Or look at Restaurant Gustu in La Paz, Bolivia, which Food & Wine says might be the best new restaurant in the world. Gustu serves caiman sashimi, purchased from the caiman managers’ association of the Takana people, an Amazonian indigenous people. Gustu bought 76 kilos of caimian meat last year at $7/kilo. That’s a 300 percent price premium over what buyers in the local market offer.
Gustu is but one example, but it shows that the foodie movement is taking off at time when Latin America is emerging as an economic and political power and a major exporter of food commodities like soy and beef. It is also the most urbanized region of the world, with 80 percent of the population living in cities. A rising middle class has disposable income in a culture where socializing goes hand in hand with eating and drinking.
The commitment of industrial agriculture to end deforestation in response to climate concerns is a necessary but insufficient response to the challenge of the moment. The environmental movement has a tremendous opportunity to take advantage of new thinking on how we produce and consume food sustainably. Locavores already care about the greenhouse gas impact of long-distance food transport and nose to tail eaters already care about reducing waste.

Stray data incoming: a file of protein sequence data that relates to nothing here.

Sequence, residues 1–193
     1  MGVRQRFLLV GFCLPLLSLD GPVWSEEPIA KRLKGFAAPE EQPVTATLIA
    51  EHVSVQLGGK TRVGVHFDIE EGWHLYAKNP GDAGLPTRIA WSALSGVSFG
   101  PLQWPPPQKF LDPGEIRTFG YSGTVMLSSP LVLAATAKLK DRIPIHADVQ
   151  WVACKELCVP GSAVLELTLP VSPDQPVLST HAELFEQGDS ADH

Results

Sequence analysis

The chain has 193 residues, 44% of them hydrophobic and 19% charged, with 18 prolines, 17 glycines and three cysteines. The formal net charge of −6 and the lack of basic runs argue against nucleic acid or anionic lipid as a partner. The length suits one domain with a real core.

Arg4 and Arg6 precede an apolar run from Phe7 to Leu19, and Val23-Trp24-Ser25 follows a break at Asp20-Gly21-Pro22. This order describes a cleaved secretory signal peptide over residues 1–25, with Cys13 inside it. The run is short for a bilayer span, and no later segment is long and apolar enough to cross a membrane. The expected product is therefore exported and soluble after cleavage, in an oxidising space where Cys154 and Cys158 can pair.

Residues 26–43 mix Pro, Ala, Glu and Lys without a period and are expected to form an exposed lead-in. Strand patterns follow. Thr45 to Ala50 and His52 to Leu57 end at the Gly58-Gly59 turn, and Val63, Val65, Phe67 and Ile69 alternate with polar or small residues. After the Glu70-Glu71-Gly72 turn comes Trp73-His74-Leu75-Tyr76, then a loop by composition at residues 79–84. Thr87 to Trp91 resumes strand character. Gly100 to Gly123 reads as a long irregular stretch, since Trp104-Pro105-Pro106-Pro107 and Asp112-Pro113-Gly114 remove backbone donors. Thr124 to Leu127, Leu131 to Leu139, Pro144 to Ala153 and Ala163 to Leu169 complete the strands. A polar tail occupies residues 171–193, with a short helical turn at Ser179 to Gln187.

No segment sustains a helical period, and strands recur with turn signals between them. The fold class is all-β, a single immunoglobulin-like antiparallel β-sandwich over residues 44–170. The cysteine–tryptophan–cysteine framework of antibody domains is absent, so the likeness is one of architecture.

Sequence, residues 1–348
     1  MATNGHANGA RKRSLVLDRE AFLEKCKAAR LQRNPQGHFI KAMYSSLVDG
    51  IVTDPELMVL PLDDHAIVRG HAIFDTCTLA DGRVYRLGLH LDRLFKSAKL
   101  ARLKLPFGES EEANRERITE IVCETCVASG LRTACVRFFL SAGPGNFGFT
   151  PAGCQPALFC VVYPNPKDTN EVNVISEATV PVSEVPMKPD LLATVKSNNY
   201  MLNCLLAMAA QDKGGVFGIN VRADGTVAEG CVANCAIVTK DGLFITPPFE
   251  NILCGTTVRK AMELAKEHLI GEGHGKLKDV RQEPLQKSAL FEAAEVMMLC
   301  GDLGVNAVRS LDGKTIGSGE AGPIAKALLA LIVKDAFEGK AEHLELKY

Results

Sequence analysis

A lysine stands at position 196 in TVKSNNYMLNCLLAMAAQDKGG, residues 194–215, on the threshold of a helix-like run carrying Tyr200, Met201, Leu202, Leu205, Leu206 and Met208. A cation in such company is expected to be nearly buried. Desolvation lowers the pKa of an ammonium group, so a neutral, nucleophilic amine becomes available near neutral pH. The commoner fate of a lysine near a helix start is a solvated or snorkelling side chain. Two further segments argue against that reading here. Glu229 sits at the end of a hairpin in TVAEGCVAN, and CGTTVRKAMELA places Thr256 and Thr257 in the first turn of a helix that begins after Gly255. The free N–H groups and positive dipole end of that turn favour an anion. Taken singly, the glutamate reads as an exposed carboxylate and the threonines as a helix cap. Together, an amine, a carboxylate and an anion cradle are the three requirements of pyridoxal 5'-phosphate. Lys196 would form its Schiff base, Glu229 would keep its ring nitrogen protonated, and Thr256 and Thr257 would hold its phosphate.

Latin America’s growing wealth, expanding middle class, and urbanization mean that food trends that currently characterize the U.S. can gain critical mass in the region. If the foodie movement in the U.S. was once elitist, it has now gone mainstream. And since it is just getting started in Latin America, now is the time to ensure it incorporates the values of both natural and cultural sustainability.
As this movement takes root in a part of the world responsible for so much global food commodity production, Latin Americans may choose to reject the notion that industrial agriculture is the only possible solution to feeding the world’s billions. Instead, they could embrace food sovereignty and advocate for more sustainable systems of production in the farmlands of Lima’s and La Paz’s own backyards.
Dr. Julie Kunen is Vice President for the Americas at WCS (Wildlife Conservation Society).
Originally published at www.miamiherald.com on June 16, 2015.